00:00 / 00:00
Bundle branch block
Pulseless electrical activity
Atrioventricular nodal reentrant tachycardia (AVNRT)
Premature atrial contraction
Long QT syndrome and Torsade de pointes
Premature ventricular contraction
Coronary steal syndrome
Coarctation of the aorta
Polycystic kidney disease
Renal artery stenosis
Peripheral artery disease
Subclavian steal syndrome
Superior mesenteric artery syndrome
Human herpesvirus 8 (Kaposi sarcoma)
Chronic venous insufficiency
Deep vein thrombosis
Acyanotic congenital heart defects: Pathology review
Aortic dissections and aneurysms: Pathology review
Atherosclerosis and arteriosclerosis: Pathology review
Cardiac and vascular tumors: Pathology review
Cardiomyopathies: Pathology review
Coronary artery disease: Pathology review
Cyanotic congenital heart defects: Pathology review
Dyslipidemias: Pathology review
Endocarditis: Pathology review
Heart blocks: Pathology review
Heart failure: Pathology review
Hypertension: Pathology review
Pericardial disease: Pathology review
Peripheral artery disease: Pathology review
Shock: Pathology review
Supraventricular arrhythmias: Pathology review
Valvular heart disease: Pathology review
Vasculitis: Pathology review
Ventricular arrhythmias: Pathology review
0 / 15 complete
0 / 2 complete
rhabdomyomas in p. 322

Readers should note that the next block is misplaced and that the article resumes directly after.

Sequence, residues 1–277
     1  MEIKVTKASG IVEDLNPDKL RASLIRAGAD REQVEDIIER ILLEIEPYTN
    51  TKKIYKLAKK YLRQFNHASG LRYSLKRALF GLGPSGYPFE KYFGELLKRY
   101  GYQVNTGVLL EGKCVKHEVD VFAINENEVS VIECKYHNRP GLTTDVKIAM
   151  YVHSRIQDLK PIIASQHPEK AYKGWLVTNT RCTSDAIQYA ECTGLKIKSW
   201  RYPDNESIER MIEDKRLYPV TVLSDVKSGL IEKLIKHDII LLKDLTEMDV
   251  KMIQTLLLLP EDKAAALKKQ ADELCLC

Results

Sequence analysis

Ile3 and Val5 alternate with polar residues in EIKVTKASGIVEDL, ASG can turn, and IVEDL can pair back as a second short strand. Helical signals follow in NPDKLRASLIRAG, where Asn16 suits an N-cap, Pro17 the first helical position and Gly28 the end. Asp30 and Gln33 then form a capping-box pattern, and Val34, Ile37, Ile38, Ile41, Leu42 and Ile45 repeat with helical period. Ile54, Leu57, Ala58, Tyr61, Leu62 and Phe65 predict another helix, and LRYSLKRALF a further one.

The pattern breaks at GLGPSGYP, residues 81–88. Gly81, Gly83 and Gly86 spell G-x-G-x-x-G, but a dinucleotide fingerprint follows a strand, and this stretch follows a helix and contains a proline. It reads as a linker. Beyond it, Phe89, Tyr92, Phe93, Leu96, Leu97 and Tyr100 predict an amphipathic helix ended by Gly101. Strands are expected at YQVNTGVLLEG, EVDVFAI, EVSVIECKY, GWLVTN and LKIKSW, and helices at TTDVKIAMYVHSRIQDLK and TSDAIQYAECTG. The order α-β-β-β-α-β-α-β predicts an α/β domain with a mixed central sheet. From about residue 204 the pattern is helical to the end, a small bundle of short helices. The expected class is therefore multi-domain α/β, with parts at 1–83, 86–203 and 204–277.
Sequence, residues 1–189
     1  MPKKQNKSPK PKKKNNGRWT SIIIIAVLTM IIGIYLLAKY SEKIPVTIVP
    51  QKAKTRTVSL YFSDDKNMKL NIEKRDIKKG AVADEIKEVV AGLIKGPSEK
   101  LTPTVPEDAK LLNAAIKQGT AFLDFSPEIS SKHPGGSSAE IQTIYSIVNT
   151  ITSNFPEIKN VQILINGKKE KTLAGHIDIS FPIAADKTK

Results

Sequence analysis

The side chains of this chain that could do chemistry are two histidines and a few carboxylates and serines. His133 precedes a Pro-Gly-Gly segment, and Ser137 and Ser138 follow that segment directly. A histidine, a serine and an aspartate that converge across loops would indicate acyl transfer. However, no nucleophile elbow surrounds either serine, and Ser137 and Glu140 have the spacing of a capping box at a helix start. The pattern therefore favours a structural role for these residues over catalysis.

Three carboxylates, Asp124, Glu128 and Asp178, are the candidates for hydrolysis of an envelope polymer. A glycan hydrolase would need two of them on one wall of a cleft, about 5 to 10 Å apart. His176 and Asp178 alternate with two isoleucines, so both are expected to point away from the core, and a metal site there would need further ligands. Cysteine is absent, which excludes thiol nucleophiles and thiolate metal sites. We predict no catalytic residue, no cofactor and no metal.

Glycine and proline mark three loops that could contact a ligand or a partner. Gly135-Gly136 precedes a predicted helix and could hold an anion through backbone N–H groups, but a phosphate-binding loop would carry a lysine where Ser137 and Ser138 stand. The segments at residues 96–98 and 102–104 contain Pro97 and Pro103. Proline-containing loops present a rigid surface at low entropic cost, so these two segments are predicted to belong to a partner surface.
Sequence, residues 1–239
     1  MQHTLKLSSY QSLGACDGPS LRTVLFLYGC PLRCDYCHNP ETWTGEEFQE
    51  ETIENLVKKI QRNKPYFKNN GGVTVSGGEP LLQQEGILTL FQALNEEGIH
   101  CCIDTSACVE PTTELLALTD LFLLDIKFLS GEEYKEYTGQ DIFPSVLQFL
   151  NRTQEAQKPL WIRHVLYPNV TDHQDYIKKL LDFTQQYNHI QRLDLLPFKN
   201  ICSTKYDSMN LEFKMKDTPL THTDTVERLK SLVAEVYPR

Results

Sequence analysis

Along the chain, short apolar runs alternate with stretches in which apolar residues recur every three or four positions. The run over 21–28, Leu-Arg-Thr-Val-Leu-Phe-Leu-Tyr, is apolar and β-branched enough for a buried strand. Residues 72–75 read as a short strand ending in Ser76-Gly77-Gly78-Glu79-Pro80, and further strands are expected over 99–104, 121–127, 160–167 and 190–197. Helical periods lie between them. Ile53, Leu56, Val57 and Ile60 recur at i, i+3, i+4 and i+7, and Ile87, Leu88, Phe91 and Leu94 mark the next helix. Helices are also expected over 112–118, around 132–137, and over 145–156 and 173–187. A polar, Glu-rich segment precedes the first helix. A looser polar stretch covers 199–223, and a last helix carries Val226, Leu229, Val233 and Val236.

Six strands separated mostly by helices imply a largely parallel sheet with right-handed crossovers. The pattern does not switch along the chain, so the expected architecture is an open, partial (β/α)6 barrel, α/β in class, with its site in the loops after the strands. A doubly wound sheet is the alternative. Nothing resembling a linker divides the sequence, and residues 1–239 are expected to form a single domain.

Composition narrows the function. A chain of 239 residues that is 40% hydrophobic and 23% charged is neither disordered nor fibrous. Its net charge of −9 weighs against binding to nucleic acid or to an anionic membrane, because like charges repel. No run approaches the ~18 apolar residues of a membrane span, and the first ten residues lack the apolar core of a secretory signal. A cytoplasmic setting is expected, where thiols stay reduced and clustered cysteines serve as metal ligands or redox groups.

nomenclature for p. 225
tuberous sclerosis p. 543
Cardiac tumors are abnormal growths of cells that form a mass in the heart. If the cell growth has the potential to invade and spread to other tissues — a process called metastasis — it’s a malignant tumor, more commonly known as a cancer. If it is not able to invade other tissues, it’s referred to as a benign tumor.
Now, the vast majority of tumors of the heart are actually secondary, meaning that a tumor developed somewhere else in the body, metastasized, and spread to the heart.
Even though these secondary tumors can come from anywhere, they’re most commonly metastases from lung cancer, lymphoma or lymphatic system cancer, breast cancer, leukemia or blood cell cancer, melanoma or skin cancer, hepatocellular carcinoma or liver cancer, and colon cancer, in this order. Cancer most commonly metastasizes through the lymphatic system to the pericardium, the membrane around the heart. When the pericardium is involved, it often leads to pericarditis, or inflammation of the pericardium, and pericardial effusion, an accumulation of fluid in the pericardial cavity. Metastases to the myocardium are less common, but arise more commonly when cancer spreads via the blood.
Primary cardiac tumors, on the other hand, are actually extremely rare. The most common type of primary tumors in adults — when they do happen — are myxomas. Myxomas are benign tumors that arise from the mesenchymal connective tissue inside the heart, as opposed to the actual myocytes, or heart cells, because the heart of an adult is fully developed and its cells, or myocytes, are permanent and don’t proliferate.
These masses are gelatinous in consistency, as a result of an abundance of ground substance on histology, and pedunculated, meaning attached to a peduncle, or a stalk of tissue.
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